What If News Organizations Had Their Own Gawker-Like Sites?

Doug Fisher, a journalism instructor at the University of South Carolina, shared a constructive and unconventional idea this week amid the furor over Ira Shapira’s Aug. 2 Washington Post column in which Shapira bemoaned how Gawker had excerpted his July 9 article.

Fisher wrote on his “Common Sense Journalism” blog:

“… The fact that close to 10,000 people viewed [Gawker's summary of Shapira's article] instead of reading [the original] 1,500-word tome [on WashingtonPost.com] ought to raise the question of why the WaPo doesn’t have its own Gawker-type site excerpting its material. Maybe consumers are telling us something, namely that a lot of them don’t want to read a river of text on something like Shapira’s story on a millennial generation consultant because they have other things to do with their lives. Gawker et al. wouldn’t survive if they didn’t meet a need.”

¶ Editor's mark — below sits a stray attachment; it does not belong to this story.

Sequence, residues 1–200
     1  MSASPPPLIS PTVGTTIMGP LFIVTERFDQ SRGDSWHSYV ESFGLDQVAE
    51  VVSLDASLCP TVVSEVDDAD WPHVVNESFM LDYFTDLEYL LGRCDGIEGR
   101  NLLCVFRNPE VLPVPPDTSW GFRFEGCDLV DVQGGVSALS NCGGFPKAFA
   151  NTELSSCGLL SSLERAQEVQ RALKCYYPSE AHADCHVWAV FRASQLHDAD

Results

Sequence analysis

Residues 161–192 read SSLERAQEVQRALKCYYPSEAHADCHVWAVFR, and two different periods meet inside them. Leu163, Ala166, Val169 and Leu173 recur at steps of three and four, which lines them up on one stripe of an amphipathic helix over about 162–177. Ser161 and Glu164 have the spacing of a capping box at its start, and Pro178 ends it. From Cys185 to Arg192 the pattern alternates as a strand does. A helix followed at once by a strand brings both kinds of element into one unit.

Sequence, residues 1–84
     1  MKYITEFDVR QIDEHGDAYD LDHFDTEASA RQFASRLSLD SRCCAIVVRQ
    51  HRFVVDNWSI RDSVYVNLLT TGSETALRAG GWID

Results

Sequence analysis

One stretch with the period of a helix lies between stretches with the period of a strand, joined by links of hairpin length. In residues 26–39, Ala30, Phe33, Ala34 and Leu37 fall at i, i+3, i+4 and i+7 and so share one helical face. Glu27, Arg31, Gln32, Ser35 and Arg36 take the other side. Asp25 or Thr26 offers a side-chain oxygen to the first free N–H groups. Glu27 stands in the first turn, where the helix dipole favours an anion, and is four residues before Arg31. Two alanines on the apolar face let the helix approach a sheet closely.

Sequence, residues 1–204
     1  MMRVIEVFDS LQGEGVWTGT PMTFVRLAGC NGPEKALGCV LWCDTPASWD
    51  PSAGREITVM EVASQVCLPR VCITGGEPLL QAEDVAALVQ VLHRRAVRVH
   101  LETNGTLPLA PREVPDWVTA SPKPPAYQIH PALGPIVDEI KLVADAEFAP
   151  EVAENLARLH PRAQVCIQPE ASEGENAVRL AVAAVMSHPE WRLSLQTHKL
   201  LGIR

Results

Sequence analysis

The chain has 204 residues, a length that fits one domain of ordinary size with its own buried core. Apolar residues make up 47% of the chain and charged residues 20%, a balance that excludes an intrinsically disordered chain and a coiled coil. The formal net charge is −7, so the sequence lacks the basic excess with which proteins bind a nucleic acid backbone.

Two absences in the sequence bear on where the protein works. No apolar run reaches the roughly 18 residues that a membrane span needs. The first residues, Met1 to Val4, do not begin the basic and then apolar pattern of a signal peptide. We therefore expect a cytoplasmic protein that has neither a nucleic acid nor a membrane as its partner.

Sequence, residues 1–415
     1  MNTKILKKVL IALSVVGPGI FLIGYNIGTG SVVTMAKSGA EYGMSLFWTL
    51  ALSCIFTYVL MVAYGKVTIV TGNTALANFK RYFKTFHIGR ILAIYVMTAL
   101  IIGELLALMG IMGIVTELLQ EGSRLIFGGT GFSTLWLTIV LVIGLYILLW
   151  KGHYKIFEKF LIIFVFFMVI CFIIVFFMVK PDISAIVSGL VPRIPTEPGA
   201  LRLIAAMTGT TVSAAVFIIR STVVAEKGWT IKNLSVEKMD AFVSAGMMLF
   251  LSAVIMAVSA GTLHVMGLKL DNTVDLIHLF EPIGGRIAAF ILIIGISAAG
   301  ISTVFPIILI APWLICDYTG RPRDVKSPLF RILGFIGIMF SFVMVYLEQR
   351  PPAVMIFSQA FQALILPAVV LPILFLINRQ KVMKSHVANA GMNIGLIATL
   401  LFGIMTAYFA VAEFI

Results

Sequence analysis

I think Fisher makes a good point. While many journalists are attached to long-form stories delivered in a traditionally detached and serious tone, that doesn’t necessarily align with how more and more people actually consume media and news.

So why not offer both approaches on a news site? Rather than wait for (or actively solicit) popular venues such as Gawker or “The Daily Show” to imbue labor-intensive, in-depth reporting with mass appeal, news organizations could instead present their own briefer, more lighthearted takes on longer stories and increase the chances of driving traffic and engagement to the original stories.

Not always taking news so seriously does not necessarily devalue or undermine a news organization’s work or mission.

(Thanks to Simon Owens for highlighting Gawker’s claim that Washington Post publicists routinely attempt to attract Gawker’s attention.)

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